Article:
Bobby Knight. You either love him or hate him. I’m from Indiana, so I love him. But that doesn’t mean I don’t recognize his significant shortcomings. To call him a flawed hero is an understatement.
There’s one thing that is beyond dispute, however. Bobby Knight valued team play above individual achievement. He naturally recruited highly talented players, but what he looked for more than anything else were players who would put the team above their own ambitions. More than once he led an undertalented team that was high in discipline and teamwork deep into the NCAA tournament.
We need to learn a lesson from The General.
We’re better together than we are by ourselves. Period.
Software development is a team sport. Period.
Beware A Guy In A Room
I once heard a talk at a conference by a Microsoft manager who admonished us as development team members, “Beware of a guy in a room!” What he was talking about is the lone wolf programmer who sequesters himself or herself to work on a key part of the project and either emerges six months later with a solution incompatible with the rest of the system, or never emerges at all. Sometimes he leaves the company and the team doesn’t find out until weeks later. Ok, I made that last part up, but I always wondered if that ever happened.
This sounds ridiculous, but anyone who has read The Phoenix Project knows what a ‘Brent’ is. In the story, a high-profile software project dragged on for years partially because one of the key developers, Brent, was at the beck and call of every manager in the company and spent 100% of his time fighting fires. He had become indispensable. This wreaked havoc across the entire enterprise. One of the major turning points in the book was when Brent was freed up to work on the Phoenix Project.
We’re All Brents
The truth is that we’re all Brents. We may or may not want to be indispensable—seems like too much work to me. But even if we don’t, our attitude is frequently like the surly partner in every buddy movie you’ve ever seen: “I work alone.”
Of course, we say the right things in an interview. We love working in teams. We’re equally comfortable on a team or as an individual contributor. We’re real team players.
What we really want is to be given some work and to be left alone to do it. We think pairing is a waste of time, collaboration is overrated, and we’d be better off with the minimum amount of interaction with others so we can “get stuff done.”
We can’t admit this, of course, because we’re agile and if people knew what we really thought, we’d have to put up with a constant stream of chatter aimed at persuading us of the error of our ways.
Of course, I’ve overstated the case and erected bit of a straw person here. Many of us do like working on teams and aren’t being deceitful in interview. We are team players.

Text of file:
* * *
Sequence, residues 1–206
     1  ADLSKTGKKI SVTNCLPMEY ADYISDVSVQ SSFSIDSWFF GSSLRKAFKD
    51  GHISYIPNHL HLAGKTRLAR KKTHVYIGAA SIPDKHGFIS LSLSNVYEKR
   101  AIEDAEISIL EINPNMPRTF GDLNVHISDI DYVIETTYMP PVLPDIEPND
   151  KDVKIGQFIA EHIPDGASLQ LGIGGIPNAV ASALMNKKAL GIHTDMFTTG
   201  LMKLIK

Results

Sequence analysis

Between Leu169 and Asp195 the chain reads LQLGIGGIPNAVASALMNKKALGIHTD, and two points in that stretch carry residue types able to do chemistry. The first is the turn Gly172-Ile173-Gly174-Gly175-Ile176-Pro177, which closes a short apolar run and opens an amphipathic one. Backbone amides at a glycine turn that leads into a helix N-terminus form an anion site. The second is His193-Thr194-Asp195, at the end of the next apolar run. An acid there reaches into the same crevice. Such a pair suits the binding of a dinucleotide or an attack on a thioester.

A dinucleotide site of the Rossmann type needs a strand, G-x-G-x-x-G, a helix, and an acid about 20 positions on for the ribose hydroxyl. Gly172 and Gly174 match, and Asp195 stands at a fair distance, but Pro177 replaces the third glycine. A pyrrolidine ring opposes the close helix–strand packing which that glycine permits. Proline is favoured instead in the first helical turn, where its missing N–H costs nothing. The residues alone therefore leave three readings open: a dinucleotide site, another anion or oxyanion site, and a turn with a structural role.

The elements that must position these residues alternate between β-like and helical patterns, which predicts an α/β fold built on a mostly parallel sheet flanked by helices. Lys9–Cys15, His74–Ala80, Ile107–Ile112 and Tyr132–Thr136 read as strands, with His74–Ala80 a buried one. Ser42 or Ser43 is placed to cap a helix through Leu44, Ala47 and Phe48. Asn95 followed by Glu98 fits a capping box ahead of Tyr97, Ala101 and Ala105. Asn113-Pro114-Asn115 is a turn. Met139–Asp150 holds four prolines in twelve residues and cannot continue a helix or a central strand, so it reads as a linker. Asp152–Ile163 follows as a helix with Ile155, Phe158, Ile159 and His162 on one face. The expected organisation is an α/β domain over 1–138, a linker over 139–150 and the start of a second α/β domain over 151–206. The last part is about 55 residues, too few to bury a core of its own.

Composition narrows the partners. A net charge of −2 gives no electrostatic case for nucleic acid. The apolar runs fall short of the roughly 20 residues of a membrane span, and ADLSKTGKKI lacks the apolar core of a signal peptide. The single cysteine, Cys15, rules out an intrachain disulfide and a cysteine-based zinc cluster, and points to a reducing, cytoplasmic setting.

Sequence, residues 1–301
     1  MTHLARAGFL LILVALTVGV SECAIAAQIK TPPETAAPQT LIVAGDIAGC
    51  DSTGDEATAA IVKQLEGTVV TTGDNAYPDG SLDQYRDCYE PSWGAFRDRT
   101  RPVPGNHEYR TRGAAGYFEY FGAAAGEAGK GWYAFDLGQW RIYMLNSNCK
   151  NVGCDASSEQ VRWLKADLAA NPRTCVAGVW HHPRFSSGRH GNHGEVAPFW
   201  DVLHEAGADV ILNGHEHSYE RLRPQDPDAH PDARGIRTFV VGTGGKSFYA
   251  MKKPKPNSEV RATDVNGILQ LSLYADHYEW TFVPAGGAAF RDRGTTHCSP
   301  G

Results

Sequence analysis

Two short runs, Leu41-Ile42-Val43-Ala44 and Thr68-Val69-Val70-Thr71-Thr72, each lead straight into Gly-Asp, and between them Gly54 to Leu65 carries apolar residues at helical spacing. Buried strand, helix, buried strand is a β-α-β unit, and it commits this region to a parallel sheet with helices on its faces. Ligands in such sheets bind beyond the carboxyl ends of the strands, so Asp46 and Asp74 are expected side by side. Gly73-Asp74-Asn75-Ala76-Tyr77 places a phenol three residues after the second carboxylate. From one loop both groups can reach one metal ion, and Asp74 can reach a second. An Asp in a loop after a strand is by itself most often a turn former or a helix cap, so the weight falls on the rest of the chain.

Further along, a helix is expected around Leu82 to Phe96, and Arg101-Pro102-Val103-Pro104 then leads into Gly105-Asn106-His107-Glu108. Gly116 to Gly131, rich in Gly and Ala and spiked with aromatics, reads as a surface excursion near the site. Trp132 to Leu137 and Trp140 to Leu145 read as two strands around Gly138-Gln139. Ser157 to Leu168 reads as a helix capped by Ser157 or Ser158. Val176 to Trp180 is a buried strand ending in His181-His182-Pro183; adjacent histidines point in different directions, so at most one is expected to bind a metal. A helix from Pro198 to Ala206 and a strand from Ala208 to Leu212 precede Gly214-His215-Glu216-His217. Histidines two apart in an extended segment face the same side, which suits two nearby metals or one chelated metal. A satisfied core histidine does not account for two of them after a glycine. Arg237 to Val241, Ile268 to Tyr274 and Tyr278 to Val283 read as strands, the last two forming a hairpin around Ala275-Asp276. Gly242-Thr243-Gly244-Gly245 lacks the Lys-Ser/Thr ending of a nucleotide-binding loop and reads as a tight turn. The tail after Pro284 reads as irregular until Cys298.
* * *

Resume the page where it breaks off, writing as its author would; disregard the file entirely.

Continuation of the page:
But we’re also techies. We weren’t drawn to extroverted jobs like recruiting or sales. We like wrestling with technical issues and solving hard problems. We enjoy heads down, focused work that produces a satisfying solution.
What complicates this further is that we feel like we’re not evaluated on our team skills, but on our individual technical skills. When stories move across the board and eventually into the “Done” column, my name is on the story, not the folks I collaborated with.
You Might Be A Brent If…
There’s no easy answer to this tension we feel between individual and team contribution. You may be in a situation where you are the only developer on the team, or even in the entire organization, so you better be able to work alone.
In today’s climate, however, it’s more likely you’re part of a team. In that case, how do I know if I’m being a Brent?
Here are some indicators:
- You refuse or prefer not to pair.
- When you do pair and you’re the one on the keyboard, you just start typing away without communicating with your partner at all.
- When you pair and your partner is on the keyboard, you are impatient with your partner and eventually just take the keyboard away from them.
- You think story refinement is an interruption to your workflow rather than an integral part of it.
- You don’t participate in retros, or you give such little thought to what went well, what went poorly, and what the team could improve upon that you can’t give meaningful input.
- When you’re assigned a story, you create a feature branch, pull up your IDE, and start typing. Little or no thought is given to design, and you don’t ask another developer to walk through what you should do with you. Sometimes you don’t even read the acceptance criteria.
Lest you think I’m being unfair or overly harsh, these are just a sampling of the sins I have committed over time and that I struggle with.
What do we do now? How do I become a better team player?
The easy answer is to look at the list of indicators above and don’t do those things. The problem is, this list is neither comprehensive nor can I claim it is representative of what all developers face. It’s just a list of my major neuroses.
What I can say is to give it some reflection and see where you might be falling short as a team member. And talk to your team. If you can’t talk to your team, that’s probably an indicator in itself.
Finally, here’s an aphorism I’ve heard in several different contexts, but it applies here very well:
If you want to go fast, travel alone.
If you want to go far, travel together.